Title:
Thumb pick
United States Patent 8389839
Abstract:
A thumb pick formed as a unitary one-piece body having a substantially inflexible pick point portion including at least one slot extending between an upper surface and a lower surface of the pick point portion. A pliable strap portion extends away from the pick point portion toward a tail portion including a terminal end. The pliable strap portion is designed to wrap around a musician's thumb, while the tail portion becomes engaged in the slot with the tail portion confined between the upper and lower surfaces of the pick point portion. A gusset can be included on an upper surface of the pick point portion to strengthen the inflexibility of the pick point portion. The tail portion of the strap can include a series of grooves while the slot includes a pawl designed to engage at least one of the series of grooves to secure the strap within the slot.


Inventors:
Mcvicker, Richard (Indianapolis, IN, US)
Application Number:
13/015017
Publication Date:
03/05/2013
Filing Date:
01/27/2011
Assignee:
MCVICKER RICHARD
Primary Class:
International Classes:
G10D3/16
Field of Search:
84/322
View Patent Images:
US Patent References:
D626170Guitar pick holder2010-10-26McNeelyD17/20
D603891Guitar plectrum2009-11-10WhetstineD17/20
7312386Pick attachment device2007-12-25Sielaff et al.84/320
7179976Fingernail pick for stringed instruments2007-02-20West84/322
7157635Thumb pick for guitar2007-01-02Sogabe84/320
D519149Stringed instrument pick2006-04-18BallD17/20
6797871Stringed instrument strumming/picking apparatus and method2004-09-28Atkin84/322
6737569Pick for a stringed musical instrument2004-05-18Kees84/322
6686522Musical instrument with a body made of polyurethane foam2004-02-03Won et al.84/291
6335477Musical instrument picks and novel methods of use2002-01-01Miller84/322
5981857Picks for stringed musical instruments1999-11-09Mapson84/322
5856627Thumb mounted striking device for stringed musical instruments1999-01-05George84/322
D385293Guitar pickOctober, 1997SarnoD17/20
D370687Guitar pickJune, 1996SarnoD17/20
5509341Thumb pick1996-04-23Dunlop84/322
4867032Thumb picks for stringed instruments1989-09-19Lukehart84/322
4625616Thumb pick1986-12-02McVicker84/322
4270433Finger ring with plectrum1981-06-02Adamec84/322
4102234Pick harness1978-07-25Brundage84/322
3699838GUITAR PICK1972-10-24Montgomery84/322
3595118GUITAR PICK1971-07-27Paxton84/322
3112668Instrument for playing guitars, banjos and the like1963-12-03Moshay84/322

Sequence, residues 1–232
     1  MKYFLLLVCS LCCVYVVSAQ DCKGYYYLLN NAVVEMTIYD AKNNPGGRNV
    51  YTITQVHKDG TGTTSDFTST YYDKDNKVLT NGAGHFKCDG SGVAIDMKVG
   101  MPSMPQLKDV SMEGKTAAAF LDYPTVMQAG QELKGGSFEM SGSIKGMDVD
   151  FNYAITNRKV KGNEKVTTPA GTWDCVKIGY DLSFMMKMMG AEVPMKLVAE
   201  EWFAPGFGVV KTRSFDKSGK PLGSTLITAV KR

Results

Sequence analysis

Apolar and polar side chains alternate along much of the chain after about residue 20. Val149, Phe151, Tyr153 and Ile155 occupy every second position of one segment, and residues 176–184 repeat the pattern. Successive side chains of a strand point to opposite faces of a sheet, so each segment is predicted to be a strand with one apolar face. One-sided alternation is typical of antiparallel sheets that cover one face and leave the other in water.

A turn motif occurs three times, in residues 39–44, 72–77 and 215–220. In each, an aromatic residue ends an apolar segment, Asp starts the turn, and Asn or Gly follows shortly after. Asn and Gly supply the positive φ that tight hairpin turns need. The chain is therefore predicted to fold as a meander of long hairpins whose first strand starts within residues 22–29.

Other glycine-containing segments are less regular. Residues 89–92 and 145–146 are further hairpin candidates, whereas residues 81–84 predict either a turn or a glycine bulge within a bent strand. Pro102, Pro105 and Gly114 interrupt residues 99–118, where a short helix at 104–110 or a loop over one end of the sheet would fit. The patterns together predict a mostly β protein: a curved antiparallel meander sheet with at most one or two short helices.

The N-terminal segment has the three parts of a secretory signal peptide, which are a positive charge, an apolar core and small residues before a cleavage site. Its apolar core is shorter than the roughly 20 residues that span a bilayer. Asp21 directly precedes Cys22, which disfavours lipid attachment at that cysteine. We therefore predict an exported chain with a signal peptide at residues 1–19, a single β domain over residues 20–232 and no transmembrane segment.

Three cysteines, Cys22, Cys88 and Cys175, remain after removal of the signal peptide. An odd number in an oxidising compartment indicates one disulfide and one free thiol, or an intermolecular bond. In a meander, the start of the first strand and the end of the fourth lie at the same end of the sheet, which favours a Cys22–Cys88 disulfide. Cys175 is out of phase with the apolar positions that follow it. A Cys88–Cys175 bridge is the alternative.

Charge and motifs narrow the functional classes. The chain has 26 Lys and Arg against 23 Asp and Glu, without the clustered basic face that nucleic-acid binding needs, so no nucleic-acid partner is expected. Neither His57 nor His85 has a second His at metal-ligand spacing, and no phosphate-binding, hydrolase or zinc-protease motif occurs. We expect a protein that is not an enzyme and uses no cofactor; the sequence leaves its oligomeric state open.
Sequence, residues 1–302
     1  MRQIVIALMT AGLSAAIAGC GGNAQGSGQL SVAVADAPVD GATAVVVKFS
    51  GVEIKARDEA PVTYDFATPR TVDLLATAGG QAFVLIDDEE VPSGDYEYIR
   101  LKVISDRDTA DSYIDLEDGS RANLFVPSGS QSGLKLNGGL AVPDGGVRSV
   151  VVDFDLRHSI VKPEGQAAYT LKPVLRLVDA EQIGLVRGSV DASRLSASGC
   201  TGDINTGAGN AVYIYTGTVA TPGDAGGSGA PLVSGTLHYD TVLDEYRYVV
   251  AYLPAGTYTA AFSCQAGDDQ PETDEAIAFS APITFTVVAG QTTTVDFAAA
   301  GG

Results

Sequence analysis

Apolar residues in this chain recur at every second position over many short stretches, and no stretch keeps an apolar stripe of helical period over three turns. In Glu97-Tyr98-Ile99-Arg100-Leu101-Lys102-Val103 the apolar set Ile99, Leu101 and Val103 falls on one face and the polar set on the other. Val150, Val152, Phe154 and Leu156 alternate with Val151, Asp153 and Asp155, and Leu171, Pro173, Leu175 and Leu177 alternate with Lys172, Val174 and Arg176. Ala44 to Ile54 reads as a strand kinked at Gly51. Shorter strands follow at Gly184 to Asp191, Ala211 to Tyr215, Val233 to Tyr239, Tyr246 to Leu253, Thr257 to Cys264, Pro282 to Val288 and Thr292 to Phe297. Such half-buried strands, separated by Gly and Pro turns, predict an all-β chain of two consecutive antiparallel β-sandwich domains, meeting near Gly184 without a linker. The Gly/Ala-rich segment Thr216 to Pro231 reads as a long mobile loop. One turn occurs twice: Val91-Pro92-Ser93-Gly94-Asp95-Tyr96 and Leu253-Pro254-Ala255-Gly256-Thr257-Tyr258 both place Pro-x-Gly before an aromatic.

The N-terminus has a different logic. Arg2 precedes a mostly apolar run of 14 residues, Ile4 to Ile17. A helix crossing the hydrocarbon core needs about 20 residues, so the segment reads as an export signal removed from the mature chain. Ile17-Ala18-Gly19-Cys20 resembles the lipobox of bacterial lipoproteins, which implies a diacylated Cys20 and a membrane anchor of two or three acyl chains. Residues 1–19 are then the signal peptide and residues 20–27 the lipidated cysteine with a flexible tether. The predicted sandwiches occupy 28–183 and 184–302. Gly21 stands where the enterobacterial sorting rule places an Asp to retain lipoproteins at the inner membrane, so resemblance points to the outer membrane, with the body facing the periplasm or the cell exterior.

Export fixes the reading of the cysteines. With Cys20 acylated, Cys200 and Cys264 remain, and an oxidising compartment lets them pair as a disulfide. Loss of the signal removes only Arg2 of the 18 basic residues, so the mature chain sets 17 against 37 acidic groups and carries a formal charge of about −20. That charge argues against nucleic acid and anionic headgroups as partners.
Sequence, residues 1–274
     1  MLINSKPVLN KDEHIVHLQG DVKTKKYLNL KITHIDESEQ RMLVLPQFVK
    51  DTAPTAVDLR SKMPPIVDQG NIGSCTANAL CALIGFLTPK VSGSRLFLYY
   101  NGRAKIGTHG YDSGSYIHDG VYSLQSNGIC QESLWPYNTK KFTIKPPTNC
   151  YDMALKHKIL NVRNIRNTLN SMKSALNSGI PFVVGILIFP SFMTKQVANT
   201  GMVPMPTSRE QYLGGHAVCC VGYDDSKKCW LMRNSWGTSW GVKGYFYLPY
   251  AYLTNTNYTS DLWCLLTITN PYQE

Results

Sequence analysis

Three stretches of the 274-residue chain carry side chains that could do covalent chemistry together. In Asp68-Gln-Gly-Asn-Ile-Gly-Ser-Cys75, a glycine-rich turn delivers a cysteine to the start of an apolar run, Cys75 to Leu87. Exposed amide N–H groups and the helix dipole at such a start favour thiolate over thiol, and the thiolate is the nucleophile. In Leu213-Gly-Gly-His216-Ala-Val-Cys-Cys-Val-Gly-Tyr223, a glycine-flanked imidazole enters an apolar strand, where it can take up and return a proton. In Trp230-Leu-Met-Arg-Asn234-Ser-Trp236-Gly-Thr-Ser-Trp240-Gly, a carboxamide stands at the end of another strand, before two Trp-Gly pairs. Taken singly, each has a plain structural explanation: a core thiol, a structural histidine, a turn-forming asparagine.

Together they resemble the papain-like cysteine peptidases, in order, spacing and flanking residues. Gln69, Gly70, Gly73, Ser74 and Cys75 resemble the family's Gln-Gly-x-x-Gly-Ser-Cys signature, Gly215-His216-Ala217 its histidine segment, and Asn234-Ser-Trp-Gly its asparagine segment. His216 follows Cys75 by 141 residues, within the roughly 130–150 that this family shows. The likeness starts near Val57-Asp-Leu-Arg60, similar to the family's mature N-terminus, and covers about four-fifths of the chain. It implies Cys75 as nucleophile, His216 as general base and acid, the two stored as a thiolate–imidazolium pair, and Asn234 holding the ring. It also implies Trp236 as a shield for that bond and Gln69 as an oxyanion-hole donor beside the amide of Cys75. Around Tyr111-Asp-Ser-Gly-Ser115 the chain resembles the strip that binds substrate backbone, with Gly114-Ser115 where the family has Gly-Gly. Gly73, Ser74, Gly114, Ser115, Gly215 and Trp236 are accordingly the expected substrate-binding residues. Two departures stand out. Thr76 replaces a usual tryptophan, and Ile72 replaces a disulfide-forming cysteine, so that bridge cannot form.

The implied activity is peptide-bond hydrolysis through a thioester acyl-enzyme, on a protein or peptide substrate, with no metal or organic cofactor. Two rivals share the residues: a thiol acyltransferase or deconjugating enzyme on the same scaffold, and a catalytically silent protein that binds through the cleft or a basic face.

2063011Musical instrument pick1936-12-08Bell84/322
2045571Pick for stringed musical instruments1936-06-30Dopyera84/422
1787136Pick for stringed musical instruments1930-12-30Beauchamp
0756348N/A1904-04-05Forney
Other References:
http://www.strum-n-comfort.com/crossoverpickproducts.html.
Primary Examiner:
Uhlir, Christopher
Attorney, Agent or Firm:
Brinks Hofer Gilson & Lione
Claims:
The invention claimed is:

1. A thumb pick comprising a unitary one-piece body having a substantially inflexible pick point portion, and a strap portion extending away from the pick point portion, the strap portion being designed to wrap around a musician's thumb, the strap including a lower portion for engaging the fleshy surface of the musician's thumb and a upper portion for contacting the nail of the musician's thumb, the pick point portion including an outwardly projecting tip designed to engage a string of a stringed instrument, the projecting tip extending outwardly transversely to an axis of the thumb and in a plane that is common to that axis, and a gusset located on and extending upward from an upper surface of the outwardly projecting tip to the strap upper portion to unitarily join the tip to the strap upper portion to provide pick point portion with a desired degree of inflexibility.

2. The thumb pick of claim 1, wherein the strap lower portion includes an inner edge defining a window designed to engage a palm-confronting portion of the musician's thumb.

3. The thumb pick of claim 1, wherein the strap lower portion includes an anti-rotational surface designed to engage a palm-confronting portion of the musician's thumb.

4. The thumb pick of claim 1, wherein the outwardly projecting tip includes a planar lower surface.